# Could analytically deriving the next non-trivial zero of $\zeta(s)$ be made rigorous up to a fixed accuracy?

In this question., a very inefficient, yet rigorous analytic approach for finding the next prime was established. I wondered whether a similar approach could exist to find the next non-trivial zero ($$\rho_k$$) of the the Riemann $$\zeta$$-function.

The series:

$$\sigma_r = \sum_{k=1}^{\infty} \left( \frac{1}{\rho_k^r} + \frac{1}{(1-\rho_k)^r}\right) \quad r \in \mathbb{N}$$

has a couple of related closed forms, see f.i. Lehmer's groundwork on this, or using the coefficients of the Taylor expansion of the Riemann $$\xi$$-function or applying the Stieltjes constants $$\gamma_x$$. EDIT: e.g.:

$$\sigma_1= 1 + \frac{\gamma}{2}- \frac{\ln(4\pi)}{2}$$

$$\sigma_2= 1 + \gamma^2- \frac34\zeta(2)+2\gamma_1$$

$$\sigma_3= 1 + \gamma^3- \frac78\zeta(3)+3\gamma\gamma_1 + \frac32\gamma_2$$ $$\displaystyle\sigma_r=1+\left(\frac{1}{2^r}-1 \right )\zeta(r)+\frac{\gamma\,\gamma_{r-2}}{\Gamma(r-1)}+\frac{r\gamma_{r-1}}{\Gamma(r)}-\sum_{j=1}^{r-2}\frac{\gamma_{j-1}}{\Gamma(j)}\left( 1+\left(\frac{1}{2^{r-j}}-1\right)\zeta(r-j)-\sigma_{r-j}\right)$$ for $$r>1$$, see here.

Now define the following function to 'recover' a $$\rho$$ from these closed forms:

$$f(r,N,x)= \sigma_r -\left( \sum_{k=1}^{N} \left( \frac{1}{\rho_k^r} + \frac{1}{(1-\rho_k)^r}\right)+ \left( \frac{1}{x^r} + \frac{1}{(1-x)^r}\right)\right)$$

where $$r, N \in \mathbb{N}$$ and $$x$$ is the unknown next non-trivial zero ($$\rho_{N+1}$$).

In Maple:

for N from 0 to 6 do N, fsolve(f(33, N, x), x = 0 + 12*I .. 1 + 42*I, complex) end do;


yields this encouraging list for $$\rho_{N+1}$$ for $$r=33$$:

  0, 0.50000000000000000000 + 14.134724467544674288 I
1, 0.50000000000000000000 + 21.020287719482273773 I
2, 0.50000000000000000000 + 25.009821593878642551 I
3, 0.50000000000000000000 + 30.365139393045860165 I
4, 0.50000000000000000000 + 32.923423713014869349 I
5, 0.50000000000000000000 + 37.517148219902925704 I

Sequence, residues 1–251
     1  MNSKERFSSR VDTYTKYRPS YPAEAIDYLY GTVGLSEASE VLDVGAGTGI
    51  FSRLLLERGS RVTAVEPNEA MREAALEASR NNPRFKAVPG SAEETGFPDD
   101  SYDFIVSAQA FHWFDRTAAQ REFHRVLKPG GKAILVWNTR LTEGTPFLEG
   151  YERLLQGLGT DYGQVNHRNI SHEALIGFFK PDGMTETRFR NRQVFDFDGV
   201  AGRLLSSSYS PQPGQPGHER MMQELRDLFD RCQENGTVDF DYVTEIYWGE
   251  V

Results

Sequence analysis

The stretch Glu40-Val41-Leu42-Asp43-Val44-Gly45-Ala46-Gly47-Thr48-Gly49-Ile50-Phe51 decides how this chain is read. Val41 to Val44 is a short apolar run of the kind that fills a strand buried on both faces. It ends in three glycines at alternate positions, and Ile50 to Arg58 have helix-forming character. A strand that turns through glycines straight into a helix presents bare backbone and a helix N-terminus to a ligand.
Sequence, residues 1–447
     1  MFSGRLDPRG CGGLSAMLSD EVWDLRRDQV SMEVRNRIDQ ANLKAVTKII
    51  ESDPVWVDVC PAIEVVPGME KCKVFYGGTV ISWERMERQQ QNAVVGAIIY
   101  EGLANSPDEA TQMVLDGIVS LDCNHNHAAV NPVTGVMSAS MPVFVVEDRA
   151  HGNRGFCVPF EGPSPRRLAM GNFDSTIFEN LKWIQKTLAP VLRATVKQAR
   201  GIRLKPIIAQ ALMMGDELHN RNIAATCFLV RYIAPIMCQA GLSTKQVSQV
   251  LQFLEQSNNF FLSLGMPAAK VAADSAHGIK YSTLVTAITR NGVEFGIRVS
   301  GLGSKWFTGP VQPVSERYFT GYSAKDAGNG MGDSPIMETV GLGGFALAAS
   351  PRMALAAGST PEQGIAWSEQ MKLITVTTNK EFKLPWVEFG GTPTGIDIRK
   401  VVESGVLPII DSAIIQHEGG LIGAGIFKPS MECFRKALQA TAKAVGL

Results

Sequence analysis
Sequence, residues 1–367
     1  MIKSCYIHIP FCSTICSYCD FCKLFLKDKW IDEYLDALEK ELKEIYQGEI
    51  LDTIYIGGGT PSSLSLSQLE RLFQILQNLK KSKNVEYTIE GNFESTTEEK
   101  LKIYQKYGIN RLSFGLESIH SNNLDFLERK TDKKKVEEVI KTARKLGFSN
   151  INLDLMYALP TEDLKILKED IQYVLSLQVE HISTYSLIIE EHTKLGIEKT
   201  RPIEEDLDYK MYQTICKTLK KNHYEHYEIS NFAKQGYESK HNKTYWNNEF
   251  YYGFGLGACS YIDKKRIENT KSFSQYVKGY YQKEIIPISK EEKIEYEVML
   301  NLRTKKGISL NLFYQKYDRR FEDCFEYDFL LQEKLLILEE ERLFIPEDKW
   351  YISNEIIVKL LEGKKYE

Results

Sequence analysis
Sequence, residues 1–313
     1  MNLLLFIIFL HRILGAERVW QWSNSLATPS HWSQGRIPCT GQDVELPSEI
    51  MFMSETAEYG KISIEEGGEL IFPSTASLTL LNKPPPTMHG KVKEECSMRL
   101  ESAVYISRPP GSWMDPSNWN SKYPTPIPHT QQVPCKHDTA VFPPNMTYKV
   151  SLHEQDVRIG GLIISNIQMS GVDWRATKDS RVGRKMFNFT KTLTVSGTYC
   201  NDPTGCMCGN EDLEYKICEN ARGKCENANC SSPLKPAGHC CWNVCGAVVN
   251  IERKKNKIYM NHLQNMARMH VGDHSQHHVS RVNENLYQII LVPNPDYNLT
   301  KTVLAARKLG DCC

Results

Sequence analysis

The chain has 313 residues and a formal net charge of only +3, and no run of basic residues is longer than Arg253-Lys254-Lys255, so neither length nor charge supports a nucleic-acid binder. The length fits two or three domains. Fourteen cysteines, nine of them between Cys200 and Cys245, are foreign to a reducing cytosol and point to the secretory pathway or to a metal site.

6, 0.50000000000000000000 + 40.750950425647022339 I


Accuracy improves for higher $$r$$, let's test $$N=2$$ and derive $$\rho_3$$ for increasing $$r$$ :

for r from 5 by 5 to 35 do r, fsolve(f(r, 2, x), x = 0 + 12*I .. 1 + 42*I, complex) end do;

5, 0.50000000000000000000 + 22.755757318210846210 I
10, 0.50000000000000000000 + 24.477994717471646165 I
15, 0.50000000000000000000 + 24.922438734940328122 I
20, 0.50000000000000000000 + 24.979676684194649394 I
25, 0.50000000000000000000 + 25.004076475496886667 I
30, 0.50000000000000000000 + 25.008087373823152633 I
35, 0.50000000000000000000 + 25.010200234483713493 I


Computations quickly require higher precision since $$\sigma_r$$ becomes very small.

Now, contrary to the primes that are integers and have a minimal distance of $$2$$ between the odd primes, we are now dealing with probably irrational numbers and no known minimal distance between them (nothing stops Lehmer-pairs from becoming infinitely small).

Q: Could the above approach of analytically 'recovering' the next zero be made rigorous up to a fixed $$n$$-digits accuracy?

Applying the same approach to the relation between the Keiper-Li constants and their series expression with (powered) $$\rho$$s :
$$\lambda_n = \sum_{k=1}^{\infty} \left(\left(1-\left(1- \frac{1}{\rho_k}\right)^n\right) +\left(1-\left(1- \frac{1}{1-\rho_k}\right)^n\right)\right) \quad n \in \mathbb{N}$$
fails to 'recover' the non-trivial zeros. So, $$\sigma_r$$ seems to be a special case for this method.